The American Embassy in Ghana has said that the failure of the Electricity Company of Ghana to furnish it with a bill for the past two years in spite of its willingness to pay demonstrates the inefficiencies in the operations of the company.
According to the US Ambassador to Ghana, Robert Jackson, his outfit has consistently appealed to the utility company to provide it with a bill for its power consumption over the period but that ECG has failed to do so.
But the Public Utility Workers’ Unions (PUWU) insist that the Embassy does not owe it.
The Energy Minister, Boakye Agyarko recently descended on the Electricity Company of Ghana over what he saw was rot in their system which allowed many to slip through without paying bills.
He noted that the American Embassy’s 160 facilities in Ghana had not been billed for two years.
“American Embassy has 160 facilities in Ghana. They have not been billed for two years. So they went to ECG and said ‘look, we owe you money. Bring us a bill. Bring us pre-paid meters. We will use it for one year, and whenever we use, we will multiply it by 3 and give it to you.’ Up to now, the ECG hasn’t been able to do that,” Mr. Agyarko said.
The Public Utilities Workers’ Union (PUWU) in a response to Mr. Agyarko challenged his statement and told him to stay away from such “minor” issues and focus on providing strategic directions for the company.
The US Embassy however in series of tweets confirmed the Minister’s statement and said that it had set some funds aside to make the payments but was awaiting an official bill from the ECG.
The General Secretary of PUWU, Michael Adumatta Nyantakyi in a subsequent Citi News interview denied the company was owed money by the Embassy.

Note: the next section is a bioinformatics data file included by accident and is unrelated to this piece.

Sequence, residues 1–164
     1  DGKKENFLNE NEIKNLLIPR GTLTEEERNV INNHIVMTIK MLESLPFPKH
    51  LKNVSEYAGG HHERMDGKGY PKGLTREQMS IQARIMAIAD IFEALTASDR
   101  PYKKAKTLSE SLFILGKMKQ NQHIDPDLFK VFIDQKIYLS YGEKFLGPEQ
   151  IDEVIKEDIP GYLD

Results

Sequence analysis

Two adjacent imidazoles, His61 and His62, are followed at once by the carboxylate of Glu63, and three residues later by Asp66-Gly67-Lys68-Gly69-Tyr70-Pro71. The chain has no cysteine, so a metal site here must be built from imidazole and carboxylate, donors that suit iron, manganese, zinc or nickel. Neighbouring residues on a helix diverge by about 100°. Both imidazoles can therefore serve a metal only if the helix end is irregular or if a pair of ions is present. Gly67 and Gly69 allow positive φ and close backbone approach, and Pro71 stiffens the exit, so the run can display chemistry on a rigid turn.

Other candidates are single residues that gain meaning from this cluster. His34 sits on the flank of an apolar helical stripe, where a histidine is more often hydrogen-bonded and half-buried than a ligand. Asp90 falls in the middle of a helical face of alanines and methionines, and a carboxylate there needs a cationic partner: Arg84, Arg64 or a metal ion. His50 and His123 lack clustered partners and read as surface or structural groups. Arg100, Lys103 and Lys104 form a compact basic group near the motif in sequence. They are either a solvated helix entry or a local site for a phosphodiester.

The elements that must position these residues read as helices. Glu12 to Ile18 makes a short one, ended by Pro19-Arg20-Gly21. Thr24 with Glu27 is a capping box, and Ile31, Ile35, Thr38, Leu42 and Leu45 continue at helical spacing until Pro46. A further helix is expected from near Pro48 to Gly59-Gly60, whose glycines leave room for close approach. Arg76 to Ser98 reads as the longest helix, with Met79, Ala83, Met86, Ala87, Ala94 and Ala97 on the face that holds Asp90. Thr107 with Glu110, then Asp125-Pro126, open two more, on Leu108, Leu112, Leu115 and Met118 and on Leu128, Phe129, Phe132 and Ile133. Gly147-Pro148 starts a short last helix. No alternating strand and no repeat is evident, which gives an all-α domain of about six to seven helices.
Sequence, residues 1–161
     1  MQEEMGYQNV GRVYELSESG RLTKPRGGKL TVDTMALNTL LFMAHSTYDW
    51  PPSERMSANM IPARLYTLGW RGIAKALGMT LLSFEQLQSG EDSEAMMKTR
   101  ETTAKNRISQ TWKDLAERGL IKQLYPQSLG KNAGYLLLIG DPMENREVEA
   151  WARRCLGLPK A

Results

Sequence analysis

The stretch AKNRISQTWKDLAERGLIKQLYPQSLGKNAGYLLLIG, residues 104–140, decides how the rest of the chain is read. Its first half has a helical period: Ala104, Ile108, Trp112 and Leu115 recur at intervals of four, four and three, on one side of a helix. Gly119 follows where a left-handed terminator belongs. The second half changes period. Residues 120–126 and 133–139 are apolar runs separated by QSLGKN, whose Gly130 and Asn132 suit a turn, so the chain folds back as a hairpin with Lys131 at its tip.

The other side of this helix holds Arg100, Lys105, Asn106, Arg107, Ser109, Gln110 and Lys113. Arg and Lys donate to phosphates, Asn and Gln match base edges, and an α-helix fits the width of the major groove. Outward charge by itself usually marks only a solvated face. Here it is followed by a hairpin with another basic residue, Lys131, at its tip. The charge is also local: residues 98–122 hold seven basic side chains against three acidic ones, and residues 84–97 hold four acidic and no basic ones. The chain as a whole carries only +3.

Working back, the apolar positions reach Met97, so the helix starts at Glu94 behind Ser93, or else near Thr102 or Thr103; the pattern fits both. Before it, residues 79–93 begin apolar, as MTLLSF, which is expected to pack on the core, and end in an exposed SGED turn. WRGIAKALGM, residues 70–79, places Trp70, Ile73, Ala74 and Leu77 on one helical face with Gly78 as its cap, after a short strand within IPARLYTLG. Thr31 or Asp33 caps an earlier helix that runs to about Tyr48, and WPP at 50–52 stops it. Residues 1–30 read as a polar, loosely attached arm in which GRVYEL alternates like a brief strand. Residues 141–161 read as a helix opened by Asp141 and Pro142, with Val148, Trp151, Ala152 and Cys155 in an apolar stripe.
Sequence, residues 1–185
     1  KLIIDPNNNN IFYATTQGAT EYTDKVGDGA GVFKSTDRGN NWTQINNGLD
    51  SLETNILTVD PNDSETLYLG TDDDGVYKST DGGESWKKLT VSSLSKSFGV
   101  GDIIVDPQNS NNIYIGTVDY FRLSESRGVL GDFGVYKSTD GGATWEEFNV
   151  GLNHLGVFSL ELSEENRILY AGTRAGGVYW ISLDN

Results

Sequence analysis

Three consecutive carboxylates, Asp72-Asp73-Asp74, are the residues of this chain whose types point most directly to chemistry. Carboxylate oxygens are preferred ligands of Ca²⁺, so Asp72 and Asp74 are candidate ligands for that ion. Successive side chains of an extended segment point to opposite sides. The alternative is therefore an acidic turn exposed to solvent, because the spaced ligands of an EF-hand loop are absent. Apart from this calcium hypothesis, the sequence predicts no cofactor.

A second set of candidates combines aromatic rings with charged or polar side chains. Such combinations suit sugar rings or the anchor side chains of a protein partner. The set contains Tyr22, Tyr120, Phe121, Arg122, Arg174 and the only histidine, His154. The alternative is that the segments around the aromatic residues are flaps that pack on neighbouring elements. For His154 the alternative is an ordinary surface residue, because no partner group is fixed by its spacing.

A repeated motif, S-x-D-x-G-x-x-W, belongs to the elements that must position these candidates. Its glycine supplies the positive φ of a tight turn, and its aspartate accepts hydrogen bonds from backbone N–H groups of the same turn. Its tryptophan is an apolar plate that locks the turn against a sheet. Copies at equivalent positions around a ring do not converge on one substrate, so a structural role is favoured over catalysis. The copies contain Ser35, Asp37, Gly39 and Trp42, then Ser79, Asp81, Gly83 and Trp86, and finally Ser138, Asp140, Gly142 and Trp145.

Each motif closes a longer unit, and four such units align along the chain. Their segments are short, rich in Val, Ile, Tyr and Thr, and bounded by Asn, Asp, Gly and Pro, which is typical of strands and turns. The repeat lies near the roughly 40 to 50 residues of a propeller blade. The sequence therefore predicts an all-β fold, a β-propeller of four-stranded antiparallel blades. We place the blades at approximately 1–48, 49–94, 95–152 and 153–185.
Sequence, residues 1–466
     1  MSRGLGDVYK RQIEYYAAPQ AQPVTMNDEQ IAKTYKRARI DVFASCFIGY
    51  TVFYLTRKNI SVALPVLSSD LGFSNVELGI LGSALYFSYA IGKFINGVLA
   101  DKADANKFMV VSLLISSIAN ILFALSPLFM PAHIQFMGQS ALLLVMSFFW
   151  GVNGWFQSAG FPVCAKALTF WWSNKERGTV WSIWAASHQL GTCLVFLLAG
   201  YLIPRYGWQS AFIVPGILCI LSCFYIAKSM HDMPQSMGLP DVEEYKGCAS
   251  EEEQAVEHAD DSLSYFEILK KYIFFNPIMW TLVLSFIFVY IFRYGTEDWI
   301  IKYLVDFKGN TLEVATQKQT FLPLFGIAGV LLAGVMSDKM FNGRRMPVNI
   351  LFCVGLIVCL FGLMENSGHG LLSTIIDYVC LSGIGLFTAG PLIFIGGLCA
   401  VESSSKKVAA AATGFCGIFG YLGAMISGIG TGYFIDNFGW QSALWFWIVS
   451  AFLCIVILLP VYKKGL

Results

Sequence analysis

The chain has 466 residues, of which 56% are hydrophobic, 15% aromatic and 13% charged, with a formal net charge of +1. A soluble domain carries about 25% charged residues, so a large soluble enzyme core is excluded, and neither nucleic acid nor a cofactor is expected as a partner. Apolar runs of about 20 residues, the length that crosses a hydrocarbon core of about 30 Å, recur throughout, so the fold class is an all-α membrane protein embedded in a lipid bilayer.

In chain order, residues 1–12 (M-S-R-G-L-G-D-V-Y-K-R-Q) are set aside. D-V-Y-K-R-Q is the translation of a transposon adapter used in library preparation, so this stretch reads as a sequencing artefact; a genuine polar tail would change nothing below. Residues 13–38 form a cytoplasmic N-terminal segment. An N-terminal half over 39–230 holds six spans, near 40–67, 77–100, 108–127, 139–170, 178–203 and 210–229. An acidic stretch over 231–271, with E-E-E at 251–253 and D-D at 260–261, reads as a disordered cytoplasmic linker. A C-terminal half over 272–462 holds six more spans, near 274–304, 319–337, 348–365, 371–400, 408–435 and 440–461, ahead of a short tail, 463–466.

He said the Embassy had made up-to-date payments for all its installations and his records show that even as at February 2017, they Embassy had paid its electricity bills.
But the US Ambassador to Ghana, Robert Jackson told Citi News‘ Pius Amihere Eduku that the Embassy would not pay if ECG does not provide it with an official bill.
“The whole controversy about whether the American Embassy has been able to get an itemized bill in two years exemplifies some of the real challenges that the ECG is facing. We have set aside money to pay our bill to ECG but ECG has not been able to give us an itemized bill. I want to know how much electricity I’m using and until someone can tell me that, I’m not going to pay.”
He said the fund set aside by the Embassy to pay the bills is sufficient to cater for all its bills if the utility service provider submits a bill.
Possible legal action
The Ambassador said he was confident that their action is legal.
“I don’t think that any court would say that ECG has the right to demand payment when they cannot tell us what services have been provided.”
Ambassador Jackson revealed that the Embassy had some prepaid meters installed on its properties but refused to pay bills for those meters after it noticed that the ECG had tied the meter to its [US Embassy’s] property as well as other adjoining non-US embassy facilities.
By: Jonas Nyabor/citifmonline.com/Ghana